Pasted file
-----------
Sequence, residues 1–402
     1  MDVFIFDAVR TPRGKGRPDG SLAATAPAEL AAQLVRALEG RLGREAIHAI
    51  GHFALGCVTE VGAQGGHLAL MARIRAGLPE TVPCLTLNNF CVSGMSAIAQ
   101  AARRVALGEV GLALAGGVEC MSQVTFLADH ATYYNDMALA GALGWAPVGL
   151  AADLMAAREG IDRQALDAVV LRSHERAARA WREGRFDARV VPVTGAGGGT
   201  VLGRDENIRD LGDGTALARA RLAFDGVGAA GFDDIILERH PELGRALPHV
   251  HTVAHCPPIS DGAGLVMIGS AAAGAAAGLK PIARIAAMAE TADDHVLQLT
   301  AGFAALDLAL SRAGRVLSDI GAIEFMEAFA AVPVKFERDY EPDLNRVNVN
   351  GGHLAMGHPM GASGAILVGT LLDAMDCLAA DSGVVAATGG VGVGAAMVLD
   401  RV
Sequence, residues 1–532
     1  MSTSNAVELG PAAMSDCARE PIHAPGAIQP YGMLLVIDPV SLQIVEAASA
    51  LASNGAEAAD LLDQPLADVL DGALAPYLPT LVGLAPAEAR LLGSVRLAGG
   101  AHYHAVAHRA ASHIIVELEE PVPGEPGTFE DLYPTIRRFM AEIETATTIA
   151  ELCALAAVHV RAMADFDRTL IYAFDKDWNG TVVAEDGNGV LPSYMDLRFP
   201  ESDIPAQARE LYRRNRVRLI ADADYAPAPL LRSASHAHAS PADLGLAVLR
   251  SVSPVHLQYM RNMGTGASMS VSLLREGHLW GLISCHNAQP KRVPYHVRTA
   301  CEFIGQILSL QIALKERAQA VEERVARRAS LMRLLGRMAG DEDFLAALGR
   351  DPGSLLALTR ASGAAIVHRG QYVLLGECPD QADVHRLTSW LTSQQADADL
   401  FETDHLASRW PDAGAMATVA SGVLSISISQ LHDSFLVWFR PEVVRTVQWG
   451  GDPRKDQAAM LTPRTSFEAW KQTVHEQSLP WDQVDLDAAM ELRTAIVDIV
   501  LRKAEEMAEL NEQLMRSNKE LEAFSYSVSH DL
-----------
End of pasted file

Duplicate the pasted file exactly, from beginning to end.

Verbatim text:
Sequence, residues 1–402
     1  MDVFIFDAVR TPRGKGRPDG SLAATAPAEL AAQLVRALEG RLGREAIHAI
    51  GHFALGCVTE VGAQGGHLAL MARIRAGLPE TVPCLTLNNF CVSGMSAIAQ
   101  AARRVALGEV GLALAGGVEC MSQVTFLADH ATYYNDMALA GALGWAPVGL
   151  AADLMAAREG IDRQALDAVV LRSHERAARA WREGRFDARV VPVTGAGGGT
   201  VLGRDENIRD LGDGTALARA RLAFDGVGAA GFDDIILERH PELGRALPHV
   251  HTVAHCPPIS DGAGLVMIGS AAAGAAAGLK PIARIAAMAE TADDHVLQLT
   301  AGFAALDLAL SRAGRVLSDI GAIEFMEAFA AVPVKFERDY EPDLNRVNVN
   351  GGHLAMGHPM GASGAILVGT LLDAMDCLAA DSGVVAATGG VGVGAAMVLD
   401  RV
Sequence, residues 1–532
     1  MSTSNAVELG PAAMSDCARE PIHAPGAIQP YGMLLVIDPV SLQIVEAASA
    51  LASNGAEAAD LLDQPLADVL DGALAPYLPT LVGLAPAEAR LLGSVRLAGG
   101  AHYHAVAHRA ASHIIVELEE PVPGEPGTFE DLYPTIRRFM AEIETATTIA
   151  ELCALAAVHV RAMADFDRTL IYAFDKDWNG TVVAEDGNGV LPSYMDLRFP
   201  ESDIPAQARE LYRRNRVRLI ADADYAPAPL LRSASHAHAS PADLGLAVLR
   251  SVSPVHLQYM RNMGTGASMS VSLLREGHLW GLISCHNAQP KRVPYHVRTA
   301  CEFIGQILSL QIALKERAQA VEERVARRAS LMRLLGRMAG DEDFLAALGR
   351  DPGSLLALTR ASGAAIVHRG QYVLLGECPD QADVHRLTSW LTSQQADADL
   401  FETDHLASRW PDAGAMATVA SGVLSISISQ LHDSFLVWFR PEVVRTVQWG
   451  GDPRKDQAAM LTPRTSFEAW KQTVHEQSLP WDQVDLDAAM ELRTAIVDIV
   501  LRKAEEMAEL NEQLMRSNKE LEAFSYSVSH DL